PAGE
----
Johns Hopkins Gazette | August 21, 2006
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The newspaper of The Johns Hopkins University August 21, 2006 | Vol. 35 No. 42

For the Record: Cheers

Cheers is a monthly listing of honors and awards received by faculty, staff and students plus recent appointments and promotions. Contributions must be submitted in writing and be accompanied by a phone number.

JHU Astrophysicist Shares Gruber Cosmology Prize
By Lisa De Nike, Homewood

Johns Hopkins astrophysicist Charles L. Bennett is a member of the science team that has won the Peter Gruber Foundation's 2006 Cosmology Prize.

The prize's gold medal and $250,000 cash prize were presented to John Mather of the NASA Goddard Space Flight Center and the 18-member Cosmic Background Explorer team on Aug. 15 at the General Assembly of the International Astronomical Union in Prague, Czech Republic.

The annual prize recognizes fundamental advances in research on the origin, development and structure of the universe. Co-sponsored by the International Astronomical Union, it aims to acknowledge and encourage further exploration in a field that "shapes the way we perceive and comprehend our universe," according to the foundation's Web site.

The Cosmic Background Explorer satellite was launched in 1989 to measure the early universe's now-diffuse infrared and microwave radiation. Its science team was honored by the foundation for multiple accomplishments, including the discovery of tiny cosmic temperature variations across the sky that reveal how matter and energy were distributed when the universe was very young, more than 13 billion years ago. Bennett was one of the leaders of this investigation. The prize also marks COBE's discovery that the infant universe's afterglow radiation has an average temperature of 2.725 Kelvin (degrees above absolute zero), which closely matched predictions of the hot Big Bang theory. The Big Bang theory was worked out in detail in 1948 by Ralph Alpher of JHU's Applied Physics Laboratory and his colleagues.

Another leading member of the team sharing the prize was Michael Hauser, deputy director of the Space Telescope Science Institute and an adjunct professor at Johns Hopkins during the 2005-2006 academic year. Hauser led the COBE discovery of the cosmic infrared background radiation, the cumulative light from all of the stars and galaxies in the universe.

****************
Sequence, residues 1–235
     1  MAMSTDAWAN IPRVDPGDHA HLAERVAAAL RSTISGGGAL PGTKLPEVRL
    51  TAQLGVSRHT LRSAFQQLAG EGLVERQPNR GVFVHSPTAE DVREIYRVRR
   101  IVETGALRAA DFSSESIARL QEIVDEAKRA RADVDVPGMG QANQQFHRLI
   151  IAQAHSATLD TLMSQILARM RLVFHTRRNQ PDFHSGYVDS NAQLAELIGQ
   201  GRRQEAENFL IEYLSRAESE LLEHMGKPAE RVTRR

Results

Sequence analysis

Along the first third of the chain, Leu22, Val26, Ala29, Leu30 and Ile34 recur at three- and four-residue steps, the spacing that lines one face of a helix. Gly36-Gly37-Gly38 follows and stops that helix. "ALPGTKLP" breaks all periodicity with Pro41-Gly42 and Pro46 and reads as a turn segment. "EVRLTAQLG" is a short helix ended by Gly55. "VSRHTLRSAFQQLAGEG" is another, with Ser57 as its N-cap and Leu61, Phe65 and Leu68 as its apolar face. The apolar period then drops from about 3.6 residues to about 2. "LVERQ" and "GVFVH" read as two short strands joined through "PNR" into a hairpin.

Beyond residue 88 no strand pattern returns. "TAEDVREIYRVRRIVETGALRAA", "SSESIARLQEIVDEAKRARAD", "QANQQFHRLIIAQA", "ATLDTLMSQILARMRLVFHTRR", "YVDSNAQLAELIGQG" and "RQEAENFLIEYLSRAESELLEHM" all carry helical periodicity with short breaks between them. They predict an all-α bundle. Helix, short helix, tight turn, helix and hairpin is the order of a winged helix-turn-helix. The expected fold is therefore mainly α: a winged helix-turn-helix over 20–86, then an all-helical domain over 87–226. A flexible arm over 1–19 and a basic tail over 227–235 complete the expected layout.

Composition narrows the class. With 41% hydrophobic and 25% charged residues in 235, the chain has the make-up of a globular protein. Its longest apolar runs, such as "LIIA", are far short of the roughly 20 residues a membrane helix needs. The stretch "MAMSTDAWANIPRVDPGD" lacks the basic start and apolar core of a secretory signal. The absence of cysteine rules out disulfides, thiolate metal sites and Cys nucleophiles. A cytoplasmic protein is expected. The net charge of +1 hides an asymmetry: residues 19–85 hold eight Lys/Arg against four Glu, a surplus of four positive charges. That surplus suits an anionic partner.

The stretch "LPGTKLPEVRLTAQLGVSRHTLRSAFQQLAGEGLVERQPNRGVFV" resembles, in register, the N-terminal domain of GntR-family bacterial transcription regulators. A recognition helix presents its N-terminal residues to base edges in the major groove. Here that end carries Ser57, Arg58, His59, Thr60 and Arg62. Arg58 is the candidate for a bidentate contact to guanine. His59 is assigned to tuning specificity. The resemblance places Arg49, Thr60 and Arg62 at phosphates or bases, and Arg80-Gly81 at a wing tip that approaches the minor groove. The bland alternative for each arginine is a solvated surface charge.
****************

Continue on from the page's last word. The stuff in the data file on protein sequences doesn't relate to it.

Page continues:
Applied Physics Laboratory

Wayne Bethea of the Research and Technology Development Center has been named a "Trailblazer" by Science Spectrum magazine. The honor is given to outstanding Hispanic, Asian-American, Native American and black professionals in science.

Adrian Hill of the Space Department's Information Sciences Branch has been named the American Institute of Aeronautics and Astronautics Engineer of the Year for its Baltimore chapter.

Bob Farquhar of the Space Department has been invited by the National Air and Space Museum to hold the Lindbergh Chair in Aerospace History for the 2007-2008 academic year.


Bayview Medical Center

Jonathan Ellen has been promoted to professor and appointed vice chair for pediatrics. His research has focused on the prevention of adolescent sexually transmitted infections, including HIV, and the factors associated with the acquisition, screening, treatment and care of sexually transmitted infections. Ellen is also the director of the Johns Hopkins Pediatrics Outcomes and Policy Research Center.

Michele M. Mehrling has been appointed administrator of the Department of Surgery. She previously was assistant administrator for the Department of Surgery and the senior division manager for the Division of Pulmonary and Critical Care Medicine, Department of Medicine.


Homewood Student Affairs

Bobby Benson has joined the Athletics Center as assistant coach/offensive coordinator of the men's lacrosse team. A 2003 Johns Hopkins graduate, Benson returns to Homewood after coaching stints at UMBC and Loyola. Benson was a three-time All-American, finishing his career at Homewood ranked sixth all-time in goals scored (124) and 14th in career points (167). He is one of just two players in school history to lead the team in goals four straight years, and he helped the Blue Jays to four consecutive NCAA tournament appearances.